May 15, 2018
Your 4-Step Plan for Feeling Calm In-Flight
Vacation mode: on
Photo courtesy of @je3ko/Twenty20
By Rebecca Davis
writer for The Natural
Your Lyft to the airport gets stuck in gridlocked traffic. You finally get to your terminal—and then are faced with a security line that rivals Target on Black Friday. Which doesn’t matter, because your flight is so delayed that the only way you make your connecting flight is by doing one of those dramatic sprints through the airport…and when you do finally get onboard, you’re squeezed in between a screaming baby and a sneezing stranger.
Sound familiar? In all my travel—and I do quite a bit of travel, as the founder of the wellness travel site The Glassy—I’ve realized that sometimes getting to an ultra-relaxing destination requires making it through a gauntlet of stressors. Which is why, even if you don’t have a full-blown fear of flying, you might get a bit anxious during take off. (The National Institute of Mental Health estimates that 25 percent of Americans get stressed out by flying, with nearly 7 percent dealing with aviophobia.)
But you don’t have to spend your air time gripping the arm rest—or the person sitting next to you. There are science-backed, holistic methods that will help you chill out when you’re en route.
And like many things, the more you can plan for it, the better prepared you’ll be. Here’s a four-step plan for keeping your cool when you’re flying.
Photo courtesy of @leta.land/Twenty20
One month before the flight: Add ashwagandha
The growing-in-popularity adaptogenic root is a go-to Ayurvedic herb for handling work stress, relationship stress, life stress—and that includes the anxiety that travel may inspire. The key is incorporating it into your routine before your trip, so that your cortisol levels are stabilized before you even pack your suitcase. One study found that ashwagandha helped bring down levels of the stress-related hormone by 28 percent in just two months, so it might be worth considering adding it to your supplement regimen earlier rather than closer to your trip. (Be aware: adaptogens like ashwaganda affect the hormones you can't live without, so make sure you consult a medical pro before adding it into your routine.)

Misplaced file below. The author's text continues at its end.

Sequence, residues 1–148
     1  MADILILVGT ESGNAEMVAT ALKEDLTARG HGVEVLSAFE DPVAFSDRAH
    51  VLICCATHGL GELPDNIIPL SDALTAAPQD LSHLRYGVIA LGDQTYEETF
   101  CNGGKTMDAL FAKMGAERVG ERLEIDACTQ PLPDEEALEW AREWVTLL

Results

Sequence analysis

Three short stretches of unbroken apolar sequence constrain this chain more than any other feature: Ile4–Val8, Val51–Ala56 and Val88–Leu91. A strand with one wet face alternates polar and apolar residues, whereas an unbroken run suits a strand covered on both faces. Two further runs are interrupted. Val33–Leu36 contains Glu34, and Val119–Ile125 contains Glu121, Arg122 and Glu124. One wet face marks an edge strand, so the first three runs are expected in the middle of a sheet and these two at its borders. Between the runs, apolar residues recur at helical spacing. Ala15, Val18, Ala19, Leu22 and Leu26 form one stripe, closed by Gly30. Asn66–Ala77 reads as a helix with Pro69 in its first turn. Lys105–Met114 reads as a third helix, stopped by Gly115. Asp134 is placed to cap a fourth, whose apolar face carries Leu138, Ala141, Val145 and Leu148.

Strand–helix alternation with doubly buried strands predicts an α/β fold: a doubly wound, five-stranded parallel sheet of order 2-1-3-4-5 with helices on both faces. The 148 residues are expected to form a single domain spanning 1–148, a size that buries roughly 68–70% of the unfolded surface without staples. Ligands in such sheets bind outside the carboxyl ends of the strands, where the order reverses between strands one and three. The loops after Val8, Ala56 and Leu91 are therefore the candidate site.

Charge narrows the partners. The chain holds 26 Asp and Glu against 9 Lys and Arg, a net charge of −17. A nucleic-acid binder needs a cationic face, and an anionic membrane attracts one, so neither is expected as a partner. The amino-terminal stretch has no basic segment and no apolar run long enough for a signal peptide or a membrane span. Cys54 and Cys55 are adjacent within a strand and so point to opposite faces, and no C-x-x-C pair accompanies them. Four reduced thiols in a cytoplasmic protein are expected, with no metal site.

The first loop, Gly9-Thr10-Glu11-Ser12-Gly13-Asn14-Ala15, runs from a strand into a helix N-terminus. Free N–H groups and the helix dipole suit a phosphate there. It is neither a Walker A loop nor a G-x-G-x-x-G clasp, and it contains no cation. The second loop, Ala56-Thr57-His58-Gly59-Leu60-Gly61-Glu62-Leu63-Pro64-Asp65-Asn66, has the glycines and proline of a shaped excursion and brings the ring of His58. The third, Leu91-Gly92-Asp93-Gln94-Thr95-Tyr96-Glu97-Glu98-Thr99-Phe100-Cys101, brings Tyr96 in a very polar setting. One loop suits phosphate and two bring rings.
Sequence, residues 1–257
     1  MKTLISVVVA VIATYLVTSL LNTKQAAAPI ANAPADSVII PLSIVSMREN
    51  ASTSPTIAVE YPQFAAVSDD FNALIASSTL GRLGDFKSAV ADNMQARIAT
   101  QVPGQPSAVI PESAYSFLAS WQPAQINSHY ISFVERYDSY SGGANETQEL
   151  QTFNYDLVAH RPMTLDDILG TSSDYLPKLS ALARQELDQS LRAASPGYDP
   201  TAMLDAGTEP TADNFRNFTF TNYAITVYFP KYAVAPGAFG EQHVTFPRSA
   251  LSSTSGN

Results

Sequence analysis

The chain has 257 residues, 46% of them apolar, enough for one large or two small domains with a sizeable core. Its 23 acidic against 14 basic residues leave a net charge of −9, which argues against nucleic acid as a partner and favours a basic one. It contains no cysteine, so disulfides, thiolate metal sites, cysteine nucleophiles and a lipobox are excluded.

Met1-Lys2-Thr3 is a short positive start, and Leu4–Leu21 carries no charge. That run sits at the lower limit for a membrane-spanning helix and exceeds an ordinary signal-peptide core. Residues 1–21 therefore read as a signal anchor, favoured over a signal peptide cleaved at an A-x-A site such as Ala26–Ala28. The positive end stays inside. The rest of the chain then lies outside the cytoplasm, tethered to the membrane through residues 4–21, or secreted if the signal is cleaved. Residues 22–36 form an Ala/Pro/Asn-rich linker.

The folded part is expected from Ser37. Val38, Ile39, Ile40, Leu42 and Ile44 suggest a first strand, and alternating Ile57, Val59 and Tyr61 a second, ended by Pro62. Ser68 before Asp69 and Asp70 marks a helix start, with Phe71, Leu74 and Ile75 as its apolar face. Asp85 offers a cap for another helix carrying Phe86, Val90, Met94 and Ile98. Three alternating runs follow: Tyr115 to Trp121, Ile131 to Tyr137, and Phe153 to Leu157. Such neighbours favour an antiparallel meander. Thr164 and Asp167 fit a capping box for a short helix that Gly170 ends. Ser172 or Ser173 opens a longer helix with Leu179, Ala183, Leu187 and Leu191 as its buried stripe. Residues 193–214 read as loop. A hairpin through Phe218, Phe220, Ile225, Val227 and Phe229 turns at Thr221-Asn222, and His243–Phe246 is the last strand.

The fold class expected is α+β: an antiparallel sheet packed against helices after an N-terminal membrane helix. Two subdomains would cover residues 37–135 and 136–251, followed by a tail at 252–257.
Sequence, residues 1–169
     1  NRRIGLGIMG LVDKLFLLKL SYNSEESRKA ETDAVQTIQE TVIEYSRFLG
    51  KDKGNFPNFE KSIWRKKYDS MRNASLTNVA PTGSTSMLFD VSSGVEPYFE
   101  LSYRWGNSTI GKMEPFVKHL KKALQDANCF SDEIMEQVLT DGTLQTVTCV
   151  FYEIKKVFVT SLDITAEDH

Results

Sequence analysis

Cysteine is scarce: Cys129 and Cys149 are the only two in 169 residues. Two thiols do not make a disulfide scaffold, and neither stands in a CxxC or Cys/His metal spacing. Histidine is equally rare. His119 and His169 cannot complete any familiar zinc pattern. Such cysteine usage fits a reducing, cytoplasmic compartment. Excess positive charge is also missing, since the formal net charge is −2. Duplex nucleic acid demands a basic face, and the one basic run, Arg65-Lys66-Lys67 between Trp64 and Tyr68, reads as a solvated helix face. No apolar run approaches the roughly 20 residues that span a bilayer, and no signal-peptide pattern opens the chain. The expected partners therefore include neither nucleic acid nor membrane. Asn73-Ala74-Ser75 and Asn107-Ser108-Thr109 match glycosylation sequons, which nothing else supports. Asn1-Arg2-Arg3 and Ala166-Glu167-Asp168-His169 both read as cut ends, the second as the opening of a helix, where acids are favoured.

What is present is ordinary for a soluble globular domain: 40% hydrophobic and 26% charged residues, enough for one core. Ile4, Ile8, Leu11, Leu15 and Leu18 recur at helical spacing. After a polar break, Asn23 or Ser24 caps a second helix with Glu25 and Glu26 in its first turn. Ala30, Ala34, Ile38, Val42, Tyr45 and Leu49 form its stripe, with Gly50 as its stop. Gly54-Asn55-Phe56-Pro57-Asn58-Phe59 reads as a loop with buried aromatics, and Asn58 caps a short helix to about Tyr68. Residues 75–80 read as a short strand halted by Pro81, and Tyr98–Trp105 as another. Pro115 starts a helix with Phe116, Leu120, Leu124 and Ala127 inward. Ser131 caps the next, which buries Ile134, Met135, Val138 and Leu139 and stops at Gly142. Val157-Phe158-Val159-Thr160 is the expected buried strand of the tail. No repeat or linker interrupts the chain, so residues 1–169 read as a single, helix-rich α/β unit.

If adaptogens aren’t your thing, try some de-stressing techniques on a consistent basis, like an at-home yoga sequence or a 10-second a day breathwork.
One day before the flight: Write a mid-air to-do list
Keeping yourself busy on a flight leaves you less time to think about the things that could go wrong. So the night before a flight, write a to-do list—that way when you settle into your seat you don’t run the risk of blanking out (and then freaking out). It could be certain emails you want to make sure you write, a book you can finally dive into, or just that you plan on binge-watching a guilty pleasure on your iPad. However you want to spend your time, spell it out.
One hour before the flight: Supplement with some magnesium
The mineral has garnered buzz in the wellness world recently, and for good reason: it helps your body regulate everything from blood pressure to energy production. It’s also an all-star at keeping the nervous system in check, so when you’re waiting at the gate skip the glass of wine and instead sip on a magnesium-spiked drink (yes, you can find options in handy single-serve sizes). If you’re in supplement overload, get your magnesium IRL by ordering an avocado sandwich, grabbing a handful of almonds, or pick up a salad packed with dark leafy greens at your terminal’s deli.
One minute before the flight: Try some breathwork
The pilot’s warned the flight attendants to prepare for take off and you feel your chest clench. That’s when you want to pull out some mindful breathing exercises to help you keep calm in real time. Even something as simple as slow-but-steady breathing can help to instantly lower your cortisol levels and keep things mellow. (If it’s your first time trying out breathwork, check out our guide to the zen-inducing practice.) And if all else fails, just remember: a relaxing vacation awaits you on the other side.
Please consult a doctor or medical professional before adding in supplements or adaptogens into your diet and routine. Articles from The Natural should not be considered medical advice. If you have any questions about your health, please consult a medical professional.